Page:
“That crater is where your lousy cartoon crash landed. It’s ratings poison!” – Krusty the Klown
You’ve got to give Zombie Simpsons one thing, when they want to really put on a tour de force of crappiness, they can still do it. They had Bart and Homer acting manic and inserting themselves into other people’s lives just because. They had plenty of pointless filler, including two different scenes with characters clambering over obstacles for no discernable purpose. (And the second one wasn’t even a call back!) They took characters appearing and disappearing from scenes to new heights. And the story managed to be overwrought and nonsensical while still being tedious and needing tons of exposition. On the absolute scale of dull and boring this is worthy of being their season finale, and I haven’t even mentioned the gimmick at the end.
I’m not sure if the conclusion, with Homer and Marge addressing the camera, actually qualifies as breaking the fourth wall; it’s more like shrugging at the fourth wall. Breaking the fourth wall is when you address the fact that you’re in a teevee show, preferably with something clever. This was the show saying, “Meh”.
Happily, the numbers are in and the audience replied with equal apathy. Last night’s petty excuse for a bad date movie was not called back by just 5.29 million viewers. That is the fifth lowest number in history, and pushed Season 22 below Season 20 for the title of least watched season ever. As recently as March, Season 22 looked like it would avoid this fate; but where Season 20 averaged 7.12 million viewers per episode, Season 22 only made it to 7.10 million.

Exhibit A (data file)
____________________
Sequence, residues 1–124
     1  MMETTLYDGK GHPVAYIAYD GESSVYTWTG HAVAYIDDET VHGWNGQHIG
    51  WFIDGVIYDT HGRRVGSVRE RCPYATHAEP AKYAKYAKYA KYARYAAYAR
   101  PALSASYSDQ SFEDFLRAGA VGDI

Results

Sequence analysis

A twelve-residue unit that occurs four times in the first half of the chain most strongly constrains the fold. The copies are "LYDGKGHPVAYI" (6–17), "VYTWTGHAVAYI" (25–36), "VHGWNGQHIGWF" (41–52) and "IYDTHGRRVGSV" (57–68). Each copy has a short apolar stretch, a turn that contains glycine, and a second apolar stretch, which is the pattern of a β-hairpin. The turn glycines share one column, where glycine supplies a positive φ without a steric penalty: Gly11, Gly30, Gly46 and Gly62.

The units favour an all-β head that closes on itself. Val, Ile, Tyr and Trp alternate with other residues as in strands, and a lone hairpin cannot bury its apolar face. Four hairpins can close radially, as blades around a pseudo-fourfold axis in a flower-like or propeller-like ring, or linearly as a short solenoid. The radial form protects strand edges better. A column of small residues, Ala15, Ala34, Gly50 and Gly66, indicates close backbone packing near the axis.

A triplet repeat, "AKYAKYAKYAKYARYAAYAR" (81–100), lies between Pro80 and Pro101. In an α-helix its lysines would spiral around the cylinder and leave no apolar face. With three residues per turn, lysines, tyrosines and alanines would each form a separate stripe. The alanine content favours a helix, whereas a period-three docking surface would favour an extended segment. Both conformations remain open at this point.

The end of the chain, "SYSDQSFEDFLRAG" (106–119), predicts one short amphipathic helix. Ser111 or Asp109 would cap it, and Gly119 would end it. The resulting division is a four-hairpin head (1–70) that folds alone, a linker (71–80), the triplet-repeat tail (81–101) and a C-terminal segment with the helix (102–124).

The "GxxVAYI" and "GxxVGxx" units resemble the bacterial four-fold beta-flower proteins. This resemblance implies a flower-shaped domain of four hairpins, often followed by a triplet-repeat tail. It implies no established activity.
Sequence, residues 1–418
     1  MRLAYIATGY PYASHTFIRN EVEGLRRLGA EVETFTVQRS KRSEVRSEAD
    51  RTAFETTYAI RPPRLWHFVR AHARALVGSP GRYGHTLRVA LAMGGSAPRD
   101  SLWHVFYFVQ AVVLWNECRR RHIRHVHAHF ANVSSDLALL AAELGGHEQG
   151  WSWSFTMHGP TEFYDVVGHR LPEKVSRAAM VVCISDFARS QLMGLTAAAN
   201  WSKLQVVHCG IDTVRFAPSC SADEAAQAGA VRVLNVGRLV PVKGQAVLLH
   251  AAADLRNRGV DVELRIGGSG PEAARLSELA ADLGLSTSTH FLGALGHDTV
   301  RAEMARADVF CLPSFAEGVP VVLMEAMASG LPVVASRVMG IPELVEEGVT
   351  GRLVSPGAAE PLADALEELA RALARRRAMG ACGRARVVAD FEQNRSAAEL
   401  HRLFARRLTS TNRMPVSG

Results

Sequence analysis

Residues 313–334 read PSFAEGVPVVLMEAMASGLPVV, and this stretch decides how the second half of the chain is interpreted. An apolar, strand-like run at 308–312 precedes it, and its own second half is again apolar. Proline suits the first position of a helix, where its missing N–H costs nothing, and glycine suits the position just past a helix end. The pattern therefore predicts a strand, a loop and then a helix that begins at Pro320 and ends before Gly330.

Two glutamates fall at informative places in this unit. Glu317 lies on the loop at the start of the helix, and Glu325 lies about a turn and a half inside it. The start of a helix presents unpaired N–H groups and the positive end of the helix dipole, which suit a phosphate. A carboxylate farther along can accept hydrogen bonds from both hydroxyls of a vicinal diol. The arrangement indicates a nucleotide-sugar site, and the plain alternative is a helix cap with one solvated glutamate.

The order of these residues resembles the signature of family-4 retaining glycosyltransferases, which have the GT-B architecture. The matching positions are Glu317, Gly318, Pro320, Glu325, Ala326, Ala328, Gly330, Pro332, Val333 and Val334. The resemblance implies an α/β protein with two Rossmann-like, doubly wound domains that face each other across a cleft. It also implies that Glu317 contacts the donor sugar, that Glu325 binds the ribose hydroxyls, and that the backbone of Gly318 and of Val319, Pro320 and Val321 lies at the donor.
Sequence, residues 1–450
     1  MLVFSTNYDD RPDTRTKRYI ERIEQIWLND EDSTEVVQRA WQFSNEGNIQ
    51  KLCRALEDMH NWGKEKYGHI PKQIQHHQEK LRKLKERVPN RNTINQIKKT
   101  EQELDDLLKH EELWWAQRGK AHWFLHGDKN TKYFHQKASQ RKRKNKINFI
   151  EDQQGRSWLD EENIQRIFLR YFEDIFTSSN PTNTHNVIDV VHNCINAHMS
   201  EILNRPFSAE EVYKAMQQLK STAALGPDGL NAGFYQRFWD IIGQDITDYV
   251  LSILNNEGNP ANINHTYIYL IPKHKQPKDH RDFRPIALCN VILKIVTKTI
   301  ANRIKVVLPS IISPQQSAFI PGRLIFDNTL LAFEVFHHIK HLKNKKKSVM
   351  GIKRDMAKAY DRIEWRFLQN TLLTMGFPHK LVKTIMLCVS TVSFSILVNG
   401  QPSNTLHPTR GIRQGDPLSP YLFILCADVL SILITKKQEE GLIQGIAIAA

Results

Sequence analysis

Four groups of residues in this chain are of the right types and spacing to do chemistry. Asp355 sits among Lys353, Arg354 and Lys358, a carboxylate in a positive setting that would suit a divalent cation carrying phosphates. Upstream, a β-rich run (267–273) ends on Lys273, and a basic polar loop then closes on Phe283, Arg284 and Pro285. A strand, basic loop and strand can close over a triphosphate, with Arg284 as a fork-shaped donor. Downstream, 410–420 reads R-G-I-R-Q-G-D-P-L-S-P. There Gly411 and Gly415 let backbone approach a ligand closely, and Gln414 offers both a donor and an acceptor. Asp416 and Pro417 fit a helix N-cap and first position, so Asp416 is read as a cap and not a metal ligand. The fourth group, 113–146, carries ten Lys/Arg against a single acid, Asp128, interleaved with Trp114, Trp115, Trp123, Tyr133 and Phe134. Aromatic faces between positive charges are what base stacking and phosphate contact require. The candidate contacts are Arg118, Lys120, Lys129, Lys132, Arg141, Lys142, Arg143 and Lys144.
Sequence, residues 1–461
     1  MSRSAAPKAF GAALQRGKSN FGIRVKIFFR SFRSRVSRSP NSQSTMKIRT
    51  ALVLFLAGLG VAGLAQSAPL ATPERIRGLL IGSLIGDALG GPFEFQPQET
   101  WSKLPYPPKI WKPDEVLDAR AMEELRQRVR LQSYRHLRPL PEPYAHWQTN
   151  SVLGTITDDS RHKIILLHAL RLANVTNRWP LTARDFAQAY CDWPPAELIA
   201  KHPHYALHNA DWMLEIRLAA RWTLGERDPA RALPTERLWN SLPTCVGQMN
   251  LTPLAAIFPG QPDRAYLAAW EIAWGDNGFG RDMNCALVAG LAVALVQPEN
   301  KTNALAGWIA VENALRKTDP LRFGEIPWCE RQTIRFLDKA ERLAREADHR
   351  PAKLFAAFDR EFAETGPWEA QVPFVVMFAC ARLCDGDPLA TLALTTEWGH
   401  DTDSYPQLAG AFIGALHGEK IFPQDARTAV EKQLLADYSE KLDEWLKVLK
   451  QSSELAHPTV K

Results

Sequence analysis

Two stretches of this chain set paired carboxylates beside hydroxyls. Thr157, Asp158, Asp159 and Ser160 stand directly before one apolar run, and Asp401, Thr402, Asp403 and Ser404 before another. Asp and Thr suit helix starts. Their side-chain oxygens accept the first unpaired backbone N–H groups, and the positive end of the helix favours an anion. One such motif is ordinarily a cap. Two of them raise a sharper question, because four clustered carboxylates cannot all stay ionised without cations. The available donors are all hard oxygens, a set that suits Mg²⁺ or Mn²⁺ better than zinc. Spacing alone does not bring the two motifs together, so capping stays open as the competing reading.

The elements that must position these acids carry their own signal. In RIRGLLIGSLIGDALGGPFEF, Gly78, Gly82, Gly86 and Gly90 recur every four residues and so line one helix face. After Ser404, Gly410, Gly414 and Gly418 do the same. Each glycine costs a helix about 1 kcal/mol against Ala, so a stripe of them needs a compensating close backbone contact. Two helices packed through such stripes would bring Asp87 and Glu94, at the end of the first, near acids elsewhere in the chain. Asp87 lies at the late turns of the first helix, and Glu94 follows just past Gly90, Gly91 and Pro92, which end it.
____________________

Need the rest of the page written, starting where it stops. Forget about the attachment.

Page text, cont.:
As much fun as that is to type, it’s worth mentioning that those numbers aren’t the kind of thing that can doom the show. I use the quick and dirty overnights from TV By the Numbers, but advertising rates are calculated using not only live viewers, but anyone who watches it on DVR within three days. Nor do my numbers account for demographics, and Zombie Simpsons does better among the impressionable youth that advertisers lust after. So while it’s certainly embarrassing when your highly promoted, internet gimmick season finale loses in the ratings to a Family Guy special that was released on DVD last December, it isn’t fatal.
However, that doesn’t mean the low numbers aren’t fun to laugh at. Season 22 managed only one episode with more than ten million viewers, and that was thanks to a generous lead in from the NFL playoffs. Of the ten lowest rated episodes in the show’s twenty-two year history, one is from Season 20, four are from Season 21, and five are from Season 22. Of the fifty lowest, all but one of them came in the last four seasons; and compared to just five years ago, when Season 17 averaged 9.46 million viewers, the show has lost a quarter of its audience. So whenever you see someone talk about how the show’s still got it after all these years, you can truthfully say that the numbers don’t agree.
[Edited because I can’t count to five, I originally thought it was the fourth lowest rated episode.]